FEMALE EXTERNAL GENITAL
Female external genitalia (the vulva) include the mons pubis, labia majora, labia minora, clitoris, vestibule, the greater vestibular glands (Bartholin’s glands) and bulbs of the vestibule
• The mons pubis is a rounded pad of fat lying anterior to the symphysis pubis. It is covered with pubic hair from the time of puberty.
• The labia majora (‘greater lips’) are two folds of fat and areolar tissue which are covered with skin and pubic hair on the outer surface and have a pink, smooth inner surface.
• The labia minora (‘lesser lips’) are two small subcutaneous folds, devoid of fat, that lie between the labia majora. Anteriorly, each labium minus divides into two parts: the upper layer passes above the clitoris to form along with its fellow a fold, the prepuce, which overhangs the clitoris. The prepuce is a retractable piece of skin which surrounds and protects the clitoris. The lower layer passes below the clitoris to form with its fellow the frenulum of the clitoris.
• The clitoris is a small rudimentary sexual organ corresponding to the male penis. The visible knob-like portion is located near the anterior junction of the labia minora, above the opening of the urethra and vagina. Unlike the penis, the clitoris does not contain the distal portion of the urethra and functions solely to induce the orgasm during sexual intercourse.
• The vestibule is the area enclosed by the labia minora in which the openings of the urethra and the vagina are situated.
• The urethral orifice lies 2.5 cm posterior to the clitoris and immediately in front of the vaginal orifice. On either side lie the openings of the Skene’s ducts, two small blind-ended tubules 0.5 cm long running within the urethral wall.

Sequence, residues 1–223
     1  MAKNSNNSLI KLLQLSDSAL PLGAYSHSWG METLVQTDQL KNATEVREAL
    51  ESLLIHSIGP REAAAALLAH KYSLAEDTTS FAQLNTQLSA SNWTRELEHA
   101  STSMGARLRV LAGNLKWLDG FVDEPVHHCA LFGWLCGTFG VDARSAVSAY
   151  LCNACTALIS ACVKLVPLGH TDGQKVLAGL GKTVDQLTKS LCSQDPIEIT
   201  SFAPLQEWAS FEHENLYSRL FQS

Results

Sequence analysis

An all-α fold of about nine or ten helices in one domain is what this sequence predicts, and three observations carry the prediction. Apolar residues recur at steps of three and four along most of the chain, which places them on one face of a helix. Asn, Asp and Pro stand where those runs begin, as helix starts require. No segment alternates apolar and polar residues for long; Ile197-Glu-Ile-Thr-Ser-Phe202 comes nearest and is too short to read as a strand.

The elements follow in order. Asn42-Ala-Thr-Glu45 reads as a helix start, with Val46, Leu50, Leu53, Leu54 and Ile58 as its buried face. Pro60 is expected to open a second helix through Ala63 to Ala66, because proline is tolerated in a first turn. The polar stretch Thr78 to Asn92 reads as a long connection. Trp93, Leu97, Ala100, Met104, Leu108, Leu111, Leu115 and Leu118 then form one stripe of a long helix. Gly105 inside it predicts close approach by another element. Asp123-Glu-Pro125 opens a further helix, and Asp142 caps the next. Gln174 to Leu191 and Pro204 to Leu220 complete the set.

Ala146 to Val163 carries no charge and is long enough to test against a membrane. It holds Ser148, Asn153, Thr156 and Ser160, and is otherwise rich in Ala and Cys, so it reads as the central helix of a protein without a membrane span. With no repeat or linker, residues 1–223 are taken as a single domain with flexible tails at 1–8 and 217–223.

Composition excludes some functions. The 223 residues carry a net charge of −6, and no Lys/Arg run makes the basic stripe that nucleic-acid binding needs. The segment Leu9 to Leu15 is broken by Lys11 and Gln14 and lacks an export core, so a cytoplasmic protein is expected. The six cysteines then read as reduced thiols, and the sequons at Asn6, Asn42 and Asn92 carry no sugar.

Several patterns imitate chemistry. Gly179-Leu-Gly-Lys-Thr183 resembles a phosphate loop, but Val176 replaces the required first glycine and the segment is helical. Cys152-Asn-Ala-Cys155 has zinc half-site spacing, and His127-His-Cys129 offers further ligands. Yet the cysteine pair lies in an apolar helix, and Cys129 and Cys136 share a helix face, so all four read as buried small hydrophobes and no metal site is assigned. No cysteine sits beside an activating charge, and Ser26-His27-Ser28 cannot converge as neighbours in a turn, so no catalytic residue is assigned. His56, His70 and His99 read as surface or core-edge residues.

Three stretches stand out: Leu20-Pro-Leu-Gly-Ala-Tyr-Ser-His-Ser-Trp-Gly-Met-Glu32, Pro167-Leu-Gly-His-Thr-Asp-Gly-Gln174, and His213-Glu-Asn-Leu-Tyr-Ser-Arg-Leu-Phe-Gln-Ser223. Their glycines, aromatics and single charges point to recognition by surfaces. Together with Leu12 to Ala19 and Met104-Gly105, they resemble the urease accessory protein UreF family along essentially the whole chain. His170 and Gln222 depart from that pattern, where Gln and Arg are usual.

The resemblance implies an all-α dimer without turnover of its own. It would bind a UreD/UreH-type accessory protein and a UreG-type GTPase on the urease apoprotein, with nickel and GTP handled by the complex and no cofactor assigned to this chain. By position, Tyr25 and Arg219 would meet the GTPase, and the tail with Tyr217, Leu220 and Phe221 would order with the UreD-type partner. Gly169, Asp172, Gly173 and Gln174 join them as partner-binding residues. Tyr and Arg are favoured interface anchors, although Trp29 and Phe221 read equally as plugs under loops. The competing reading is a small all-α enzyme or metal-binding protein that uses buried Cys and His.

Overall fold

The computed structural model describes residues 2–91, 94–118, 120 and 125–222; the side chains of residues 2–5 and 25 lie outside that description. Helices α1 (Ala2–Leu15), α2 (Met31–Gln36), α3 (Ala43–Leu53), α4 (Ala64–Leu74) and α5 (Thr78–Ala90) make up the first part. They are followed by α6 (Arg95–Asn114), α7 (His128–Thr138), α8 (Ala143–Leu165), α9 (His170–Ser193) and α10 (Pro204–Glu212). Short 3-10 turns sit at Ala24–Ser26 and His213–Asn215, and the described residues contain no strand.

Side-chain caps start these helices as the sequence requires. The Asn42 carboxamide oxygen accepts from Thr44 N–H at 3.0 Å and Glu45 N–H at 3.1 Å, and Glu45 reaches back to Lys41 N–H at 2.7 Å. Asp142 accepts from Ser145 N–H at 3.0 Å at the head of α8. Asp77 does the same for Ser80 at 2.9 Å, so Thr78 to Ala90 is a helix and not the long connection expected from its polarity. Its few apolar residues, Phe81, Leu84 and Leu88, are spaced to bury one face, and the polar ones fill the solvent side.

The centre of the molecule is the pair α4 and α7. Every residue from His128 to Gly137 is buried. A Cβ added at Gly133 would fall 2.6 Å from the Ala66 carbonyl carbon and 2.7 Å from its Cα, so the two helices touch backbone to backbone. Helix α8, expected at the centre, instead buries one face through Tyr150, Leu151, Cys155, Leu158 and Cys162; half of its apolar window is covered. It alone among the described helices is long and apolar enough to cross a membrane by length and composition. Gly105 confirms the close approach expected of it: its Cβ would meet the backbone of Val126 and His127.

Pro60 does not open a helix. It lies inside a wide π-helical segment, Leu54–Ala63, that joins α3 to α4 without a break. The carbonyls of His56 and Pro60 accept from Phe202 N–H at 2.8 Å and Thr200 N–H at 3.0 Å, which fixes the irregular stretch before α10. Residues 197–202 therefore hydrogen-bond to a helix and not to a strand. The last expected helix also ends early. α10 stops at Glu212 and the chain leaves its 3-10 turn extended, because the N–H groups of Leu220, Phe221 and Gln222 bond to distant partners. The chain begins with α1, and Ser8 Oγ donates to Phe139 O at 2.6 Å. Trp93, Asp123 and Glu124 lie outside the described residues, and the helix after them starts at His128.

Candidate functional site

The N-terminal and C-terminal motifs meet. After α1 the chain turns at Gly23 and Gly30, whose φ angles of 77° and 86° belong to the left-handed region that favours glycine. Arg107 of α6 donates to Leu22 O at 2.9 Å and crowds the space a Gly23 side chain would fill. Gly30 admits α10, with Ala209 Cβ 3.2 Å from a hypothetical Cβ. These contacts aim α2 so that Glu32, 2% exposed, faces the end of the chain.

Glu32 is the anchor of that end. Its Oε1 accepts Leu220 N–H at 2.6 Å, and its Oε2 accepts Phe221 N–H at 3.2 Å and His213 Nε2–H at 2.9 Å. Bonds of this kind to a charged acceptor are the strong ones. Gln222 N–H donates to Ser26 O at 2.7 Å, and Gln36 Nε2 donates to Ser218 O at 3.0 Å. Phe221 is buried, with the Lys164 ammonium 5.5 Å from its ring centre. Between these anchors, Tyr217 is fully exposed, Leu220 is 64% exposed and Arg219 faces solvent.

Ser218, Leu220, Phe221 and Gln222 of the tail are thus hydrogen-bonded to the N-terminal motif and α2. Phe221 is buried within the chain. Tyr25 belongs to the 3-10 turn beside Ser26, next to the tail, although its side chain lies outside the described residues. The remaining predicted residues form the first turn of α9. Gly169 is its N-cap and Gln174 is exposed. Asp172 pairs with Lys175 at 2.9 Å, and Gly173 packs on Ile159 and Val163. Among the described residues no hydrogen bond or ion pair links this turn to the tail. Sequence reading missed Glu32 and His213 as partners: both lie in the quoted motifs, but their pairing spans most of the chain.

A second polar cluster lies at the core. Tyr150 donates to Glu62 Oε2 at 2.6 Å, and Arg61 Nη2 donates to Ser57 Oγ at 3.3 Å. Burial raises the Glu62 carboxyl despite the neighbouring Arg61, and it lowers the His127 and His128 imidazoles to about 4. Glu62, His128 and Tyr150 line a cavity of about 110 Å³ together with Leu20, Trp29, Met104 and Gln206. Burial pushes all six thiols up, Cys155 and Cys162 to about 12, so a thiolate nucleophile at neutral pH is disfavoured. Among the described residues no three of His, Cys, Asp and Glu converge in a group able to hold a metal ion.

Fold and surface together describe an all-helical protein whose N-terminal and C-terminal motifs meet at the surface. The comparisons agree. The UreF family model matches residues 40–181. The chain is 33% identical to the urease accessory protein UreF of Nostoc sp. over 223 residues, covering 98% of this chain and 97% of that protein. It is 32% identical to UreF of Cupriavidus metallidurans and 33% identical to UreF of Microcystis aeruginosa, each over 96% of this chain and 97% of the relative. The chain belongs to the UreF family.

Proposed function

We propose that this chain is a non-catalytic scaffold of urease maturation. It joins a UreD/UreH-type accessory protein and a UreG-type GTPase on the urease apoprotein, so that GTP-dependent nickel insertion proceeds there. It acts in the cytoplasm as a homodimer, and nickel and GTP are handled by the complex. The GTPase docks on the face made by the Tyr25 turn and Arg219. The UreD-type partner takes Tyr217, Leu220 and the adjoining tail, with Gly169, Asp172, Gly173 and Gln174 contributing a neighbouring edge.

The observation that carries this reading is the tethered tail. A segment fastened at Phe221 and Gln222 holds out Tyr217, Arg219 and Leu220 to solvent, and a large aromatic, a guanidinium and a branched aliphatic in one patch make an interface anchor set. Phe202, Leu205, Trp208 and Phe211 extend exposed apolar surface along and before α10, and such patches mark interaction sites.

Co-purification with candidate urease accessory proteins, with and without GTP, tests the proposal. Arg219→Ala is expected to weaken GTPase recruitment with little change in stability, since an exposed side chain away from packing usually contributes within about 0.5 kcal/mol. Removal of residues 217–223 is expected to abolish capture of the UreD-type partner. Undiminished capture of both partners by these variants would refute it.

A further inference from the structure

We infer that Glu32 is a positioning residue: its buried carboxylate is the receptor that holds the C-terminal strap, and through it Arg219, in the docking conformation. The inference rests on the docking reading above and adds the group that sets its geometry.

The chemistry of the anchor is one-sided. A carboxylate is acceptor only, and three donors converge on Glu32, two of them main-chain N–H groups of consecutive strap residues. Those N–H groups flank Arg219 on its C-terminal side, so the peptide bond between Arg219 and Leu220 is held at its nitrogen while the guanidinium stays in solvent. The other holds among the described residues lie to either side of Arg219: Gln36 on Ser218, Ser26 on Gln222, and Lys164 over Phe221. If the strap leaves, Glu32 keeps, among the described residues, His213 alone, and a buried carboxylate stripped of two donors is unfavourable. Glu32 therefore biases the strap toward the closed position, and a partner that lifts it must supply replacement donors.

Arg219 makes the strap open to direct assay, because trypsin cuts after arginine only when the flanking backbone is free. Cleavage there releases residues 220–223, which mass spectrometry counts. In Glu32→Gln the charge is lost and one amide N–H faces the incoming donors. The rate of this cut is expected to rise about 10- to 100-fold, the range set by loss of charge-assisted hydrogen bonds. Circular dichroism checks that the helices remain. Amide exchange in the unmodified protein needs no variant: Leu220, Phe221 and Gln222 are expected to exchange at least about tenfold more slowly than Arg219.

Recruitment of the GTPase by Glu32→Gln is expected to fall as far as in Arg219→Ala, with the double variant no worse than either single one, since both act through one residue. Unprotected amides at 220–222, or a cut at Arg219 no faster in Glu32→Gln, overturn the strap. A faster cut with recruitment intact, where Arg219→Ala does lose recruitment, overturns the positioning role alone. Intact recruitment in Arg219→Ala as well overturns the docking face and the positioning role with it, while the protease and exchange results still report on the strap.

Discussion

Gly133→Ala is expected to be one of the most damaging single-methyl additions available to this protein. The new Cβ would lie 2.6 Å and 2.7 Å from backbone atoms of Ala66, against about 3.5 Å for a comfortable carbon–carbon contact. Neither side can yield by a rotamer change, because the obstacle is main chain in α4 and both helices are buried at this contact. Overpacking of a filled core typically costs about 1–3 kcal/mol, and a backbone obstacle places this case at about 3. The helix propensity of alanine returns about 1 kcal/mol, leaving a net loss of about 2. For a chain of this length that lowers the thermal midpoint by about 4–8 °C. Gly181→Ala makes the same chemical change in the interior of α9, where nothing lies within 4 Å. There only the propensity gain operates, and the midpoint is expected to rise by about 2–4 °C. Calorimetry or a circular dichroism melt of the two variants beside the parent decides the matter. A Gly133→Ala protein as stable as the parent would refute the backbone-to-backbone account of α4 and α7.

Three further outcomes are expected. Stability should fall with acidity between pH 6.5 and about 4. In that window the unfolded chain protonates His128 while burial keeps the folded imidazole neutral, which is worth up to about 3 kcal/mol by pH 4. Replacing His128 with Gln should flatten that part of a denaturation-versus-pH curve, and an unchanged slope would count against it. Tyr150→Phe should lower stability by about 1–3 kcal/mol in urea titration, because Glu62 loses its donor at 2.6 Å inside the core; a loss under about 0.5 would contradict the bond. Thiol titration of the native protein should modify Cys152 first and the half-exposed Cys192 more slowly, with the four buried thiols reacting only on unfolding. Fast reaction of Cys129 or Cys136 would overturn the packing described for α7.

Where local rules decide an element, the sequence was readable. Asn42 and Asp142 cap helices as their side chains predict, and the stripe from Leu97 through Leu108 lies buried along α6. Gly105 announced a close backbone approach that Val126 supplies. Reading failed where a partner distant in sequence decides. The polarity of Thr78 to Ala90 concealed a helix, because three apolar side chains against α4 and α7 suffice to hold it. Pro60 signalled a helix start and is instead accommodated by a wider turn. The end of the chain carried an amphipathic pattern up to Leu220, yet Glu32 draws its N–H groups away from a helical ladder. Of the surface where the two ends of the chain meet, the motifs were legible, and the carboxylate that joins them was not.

• The vaginal orifice, also known as the introitus of the vagina, occupies the posterior two-thirds of the vestibule. The orifice is partially closed by the hymen, a thin membrane that tears during sexual intercourse. The remaining tags of hymen are known as the ‘carunculae myrtiformes’ because they are thought to resemble myrtle berries.
• The greater vestibular glands (Bartholin’s glands) are two small glands that open on either side of the vaginal orifice and lie in the posterior part of the labia majora. They secrete mucus, which lubricates the vaginal opening. The duct may occasionally become blocked, which can cause the secretions from the gland to accommodate within it and form a cyst.
• The bulbs of the vestibule are two elongated erectile masses flanking the vaginal orifice.
The blood supply comes from the internal and the external pudendal arteries. The blood drains through corresponding veins.
Lymphatic drainage is mainly via the inguinal glands.
The nerve supply is derived from branches of the pudendal nerve.
The perineum corresponds to the pelvis outlet, forming a somewhat lozenge-shaped area. It is bordered anteriorly by the pubic arch, posteriorly by the coccyx, and laterally by the ischiopubic rami, ischial tuberosities, and sacrotuberous ligaments.
A transverse line drawn between the ischial tuberosities divides the perineum into two triangular portions. The anterior triangle, housing the external urogenital organs, is referred to as the urogenital triangle, while the posterior triangle, encompassing the termination of the anal canal, is known as the anal triangle.
The Urogenital Triangle: The urogenital triangle is bounded anteriorly and laterally by the pubic symphysis and the ischiopubic rami. It comprises two compartments: the superficial and deep perineal spaces, separated by the perineal membrane that spans between the ischiopubic rami. The levator ani muscles attach to the cranial surface of this membrane. The vestibular bulb and clitoral crus are fused with the caudal surface of the membrane, covered by the bulbospongiosus and ischiocavernosus muscles.